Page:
This is not a reliable argument. When a person believes in God, it is a God imagined and expressed through the human imagination.

When a person disbelieves in God, it is a disbelief also imagined and expressed through the human imagination, but with greater courage because belief is easy and just requires a conformity to tradition, whereas disbelief requires genuine intellectual activity and questioning of a sort that leads to truth, or at least the scientific framework our society is now based upon.

There was a time, just a few hundred years ago, when science did not exist, and I imagine that life must have been truly awful when those in control were sorcerers, witches, magicians and popes.

I'm so grateful I live in an enlightened era, but so saddened that so many people in this enlightened era are still stuck in the mire of religious bigotry.

Of course there are still many things that science is unable to explain. It's because the standards of scientific explanation are so much higher than the standards of religious explanation.

I hope no-one takes offense. I'm simply expressing an honest opinion.
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Chairman Bill
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« Reply #553 on: November 19, 2012, 05:34:47 AM »
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But science is unable to explain some things.  I choose to believe in God because if I am wrong, I have not lost anything of value.  Now, those that do not believe in God are in a different situation.  It could really matter if they are wrong.  This is my personal choice that I have made and I respect the next person for not believing.  To each his own.  I see no need in arguing about it or trying to "convert" anyone.

Of course there are things science can't explain - yet. If science could explain everything, it would stop. Scientists admit that they don't know things, but unlike some, don't make shit up to fill in the gaps. 'Science doesn't know everything, therefore God' is not a rational, logical argument.

As for your belief in God - as a matter of fact, if you're wrong, you might have lost something. What if you've chosen the wrong god? What if God is testing people, such that those who believe in him based on certain religious texts for instance, don't get into heaven, but those who reject him based on rationality, do? What you're offering is in essence, Pascal's Wager. It's a false dichotomy.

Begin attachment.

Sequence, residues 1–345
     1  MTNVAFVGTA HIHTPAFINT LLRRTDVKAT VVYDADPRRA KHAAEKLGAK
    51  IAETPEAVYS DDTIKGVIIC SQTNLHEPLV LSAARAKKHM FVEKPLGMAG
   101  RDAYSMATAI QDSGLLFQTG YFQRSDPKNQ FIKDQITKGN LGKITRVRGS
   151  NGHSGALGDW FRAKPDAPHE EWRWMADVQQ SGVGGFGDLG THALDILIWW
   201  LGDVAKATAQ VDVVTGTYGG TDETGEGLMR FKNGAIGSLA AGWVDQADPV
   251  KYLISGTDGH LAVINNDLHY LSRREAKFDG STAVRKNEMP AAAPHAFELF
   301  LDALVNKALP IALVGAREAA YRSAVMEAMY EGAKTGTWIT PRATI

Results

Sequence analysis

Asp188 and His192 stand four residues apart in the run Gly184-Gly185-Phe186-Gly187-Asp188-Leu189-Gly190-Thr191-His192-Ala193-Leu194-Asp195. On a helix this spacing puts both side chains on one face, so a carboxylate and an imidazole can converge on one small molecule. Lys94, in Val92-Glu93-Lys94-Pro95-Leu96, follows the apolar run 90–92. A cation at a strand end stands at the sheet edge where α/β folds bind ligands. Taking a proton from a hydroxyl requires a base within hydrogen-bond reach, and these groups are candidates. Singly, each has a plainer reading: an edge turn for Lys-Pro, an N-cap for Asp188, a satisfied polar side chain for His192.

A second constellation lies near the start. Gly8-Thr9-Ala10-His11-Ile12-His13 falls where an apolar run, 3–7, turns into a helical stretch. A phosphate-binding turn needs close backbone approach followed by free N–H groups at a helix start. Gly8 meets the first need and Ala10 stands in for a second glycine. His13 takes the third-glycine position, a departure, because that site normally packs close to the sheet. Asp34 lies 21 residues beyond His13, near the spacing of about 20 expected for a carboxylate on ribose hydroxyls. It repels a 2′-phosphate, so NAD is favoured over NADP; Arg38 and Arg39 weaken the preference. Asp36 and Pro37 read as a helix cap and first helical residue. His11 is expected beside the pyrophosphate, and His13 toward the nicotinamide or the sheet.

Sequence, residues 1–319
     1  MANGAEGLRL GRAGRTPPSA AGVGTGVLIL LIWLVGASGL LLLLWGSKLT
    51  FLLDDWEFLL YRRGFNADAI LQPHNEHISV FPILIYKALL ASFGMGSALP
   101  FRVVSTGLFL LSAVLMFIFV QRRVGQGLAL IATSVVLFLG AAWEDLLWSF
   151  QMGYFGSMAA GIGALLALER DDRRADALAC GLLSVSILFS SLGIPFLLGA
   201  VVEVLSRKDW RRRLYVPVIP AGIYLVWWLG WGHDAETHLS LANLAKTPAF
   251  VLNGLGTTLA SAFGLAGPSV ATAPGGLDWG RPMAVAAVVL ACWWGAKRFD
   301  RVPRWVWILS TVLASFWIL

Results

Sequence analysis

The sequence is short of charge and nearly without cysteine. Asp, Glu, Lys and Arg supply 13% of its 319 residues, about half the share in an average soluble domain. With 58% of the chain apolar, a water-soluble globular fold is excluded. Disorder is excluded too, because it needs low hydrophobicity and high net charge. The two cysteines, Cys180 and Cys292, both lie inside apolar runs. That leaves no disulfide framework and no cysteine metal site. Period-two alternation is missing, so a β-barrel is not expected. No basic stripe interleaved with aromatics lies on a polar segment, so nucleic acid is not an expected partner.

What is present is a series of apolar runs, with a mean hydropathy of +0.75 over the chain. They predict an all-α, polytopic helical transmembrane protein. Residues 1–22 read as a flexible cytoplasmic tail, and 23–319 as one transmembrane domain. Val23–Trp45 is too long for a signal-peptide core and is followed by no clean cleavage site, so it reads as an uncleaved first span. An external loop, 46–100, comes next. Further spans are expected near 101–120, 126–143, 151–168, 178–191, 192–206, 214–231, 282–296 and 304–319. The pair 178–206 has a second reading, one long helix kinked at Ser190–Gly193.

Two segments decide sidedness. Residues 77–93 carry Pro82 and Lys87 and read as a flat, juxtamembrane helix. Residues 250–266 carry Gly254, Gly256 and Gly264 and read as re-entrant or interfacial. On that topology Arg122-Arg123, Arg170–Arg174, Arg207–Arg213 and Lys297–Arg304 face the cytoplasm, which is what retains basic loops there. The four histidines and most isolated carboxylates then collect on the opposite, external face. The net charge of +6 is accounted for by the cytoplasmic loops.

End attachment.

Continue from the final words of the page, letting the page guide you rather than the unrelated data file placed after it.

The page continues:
And yes, to each his/her own. I see no point in trying to convert people. Except that I regularly get believers trying to convert me, or arguing that I can't be good without their particular god, or specific version of religion. They keep trying to influence social policy, educational policy, and so on. If only it really was just a private matter.
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markadams99
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« Reply #554 on: November 19, 2012, 05:56:29 AM »
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And yes, to each his/her own. I see no point in trying to convert people. Except that I regularly get believers trying to convert me, or arguing that I can't be good without their particular god, or specific version of religion. They keep trying to influence social policy, educational policy, and so on. If only it really was just a private matter.
You're so right. They belong to the Establishment religion of 'Scientism', which has perverted Science into a series of pc dogmata to which one must do obeisance for preferment. Christians, Buddhists, Hindus on the other hand have never pressured me.
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Justinr
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« Reply #555 on: November 19, 2012, 06:08:03 AM »
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This is not a reliable argument. When a person believes in God, it is a God imagined and expressed through the human imagination.

When a person disbelieves in God, it is a disbelief also imagined and expressed through the human imagination, but with greater courage because belief is easy and just requires a conformity to tradition, whereas disbelief requires genuine intellectual activity and questioning of a sort that leads to truth, or at least the scientific framework our society is now based upon.


There was a time, just a few hundred years ago, when science did not exist, and I imagine that life must have been truly awful when those in control were sorcerers, witches, magicians and popes.

I'm so grateful I live in an enlightened era, but so saddened that so many people in this enlightened era are still stuck in the mire of religious bigotry.

Of course there are still many things that science is unable to explain. It's because the standards of scientific explanation are so much higher than the standards of religious explanation.

I hope no-one takes offense. I'm simply expressing an honest opinion.


Bigotry can work both ways Ray and the recent flare up against the the Catholic church (I am not their greatest fan BTW) in Ireland and how it's teachings caused the death of a women is a case in point.